Life Agents Make Practical Use Of The Web
The reality surfaces once the hype fades.
A year ago, the Internet and e-commerce were the source of buoyant optimism to many. In the past year, however, a variety of corporate experiments on the Web, ranging from www.kozmo.com to www.webvan.com, have failed, suggesting that it is not easy to make money on the Web.
While ambitious dot-commers were burning through millions of dollars only to learn this all-too-costly lesson, however, some life insurance agents who were running Web sites made quiet progress in the use of the Internet as a new marketing vehicle.
What Your Peers Are Reading
Their Internet strategy looks simple. Their approach to the Internet is practical, rather than radical. For insurance agents, the Web site is a supplementary vehicle that cannot replace traditional sales tools and methods like telephone calls and one-on-one talks with customers.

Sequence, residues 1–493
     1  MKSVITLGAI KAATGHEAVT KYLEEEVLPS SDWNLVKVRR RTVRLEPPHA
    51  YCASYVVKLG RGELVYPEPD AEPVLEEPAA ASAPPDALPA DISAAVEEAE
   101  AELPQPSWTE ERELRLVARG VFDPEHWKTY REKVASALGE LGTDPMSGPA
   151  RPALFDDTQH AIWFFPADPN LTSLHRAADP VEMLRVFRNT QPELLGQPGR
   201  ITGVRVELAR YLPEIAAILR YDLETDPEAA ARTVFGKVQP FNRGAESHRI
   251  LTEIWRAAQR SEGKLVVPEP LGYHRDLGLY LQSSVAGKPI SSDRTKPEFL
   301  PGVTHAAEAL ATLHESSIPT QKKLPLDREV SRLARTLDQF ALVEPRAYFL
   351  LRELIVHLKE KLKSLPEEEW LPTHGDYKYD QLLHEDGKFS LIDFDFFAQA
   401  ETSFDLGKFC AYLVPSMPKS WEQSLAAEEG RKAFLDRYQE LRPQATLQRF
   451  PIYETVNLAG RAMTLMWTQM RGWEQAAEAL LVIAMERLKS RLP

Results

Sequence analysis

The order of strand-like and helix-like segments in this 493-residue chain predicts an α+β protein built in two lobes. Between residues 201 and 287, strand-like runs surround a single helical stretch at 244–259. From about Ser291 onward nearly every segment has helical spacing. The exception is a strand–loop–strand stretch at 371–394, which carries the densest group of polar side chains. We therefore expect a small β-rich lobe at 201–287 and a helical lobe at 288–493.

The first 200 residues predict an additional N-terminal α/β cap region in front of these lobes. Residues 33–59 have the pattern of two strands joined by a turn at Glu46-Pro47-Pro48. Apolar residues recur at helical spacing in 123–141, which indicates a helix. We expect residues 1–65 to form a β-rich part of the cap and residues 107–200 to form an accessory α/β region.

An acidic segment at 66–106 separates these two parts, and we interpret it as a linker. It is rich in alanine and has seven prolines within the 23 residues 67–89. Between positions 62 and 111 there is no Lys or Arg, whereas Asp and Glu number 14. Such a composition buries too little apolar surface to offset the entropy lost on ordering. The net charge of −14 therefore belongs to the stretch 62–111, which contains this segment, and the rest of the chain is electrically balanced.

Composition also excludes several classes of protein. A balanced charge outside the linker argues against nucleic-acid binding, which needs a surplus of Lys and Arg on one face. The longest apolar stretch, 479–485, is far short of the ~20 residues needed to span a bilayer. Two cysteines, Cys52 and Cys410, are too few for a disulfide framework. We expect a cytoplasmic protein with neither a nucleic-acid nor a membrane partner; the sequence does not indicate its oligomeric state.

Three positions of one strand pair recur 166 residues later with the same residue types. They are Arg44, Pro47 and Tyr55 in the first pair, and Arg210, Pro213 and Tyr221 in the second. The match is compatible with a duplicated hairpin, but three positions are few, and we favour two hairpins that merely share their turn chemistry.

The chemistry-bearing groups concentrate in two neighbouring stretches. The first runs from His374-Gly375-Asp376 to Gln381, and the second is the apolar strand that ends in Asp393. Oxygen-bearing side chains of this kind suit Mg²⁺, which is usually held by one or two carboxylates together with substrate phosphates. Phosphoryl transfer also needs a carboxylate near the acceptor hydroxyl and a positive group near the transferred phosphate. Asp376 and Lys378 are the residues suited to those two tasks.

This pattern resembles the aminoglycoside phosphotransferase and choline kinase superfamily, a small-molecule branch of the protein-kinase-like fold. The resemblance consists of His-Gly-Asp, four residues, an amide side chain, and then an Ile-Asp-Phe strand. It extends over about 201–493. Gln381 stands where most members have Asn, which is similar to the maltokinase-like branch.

“For us, the Web site is like a high-class brochure,” says Edward K. Meyer, president of Joseph M. Himmelstein & Associates, Wellesly, Mass. “The Web site has broadened the customer base. At least in theory, millions of people can see it and contact us by e-mail.”
Joseph M Himmelstein & Associates is running a Web site at www.jmhinsurance.com.
Although the Web site does not generate many hits, Meyer believes it is not a serious problem at least for now, as “customers go to our Web site because somebody has already introduced us to them, or they somehow know about us.”
He is currently considering stepping-up marketing over the Web. “Id like to make the Web site more interactive,” says Meyer. He is planning to add capability for customers to get life insurance quotes online. In addition, he plans to “link the site to search engines to generate more hits.”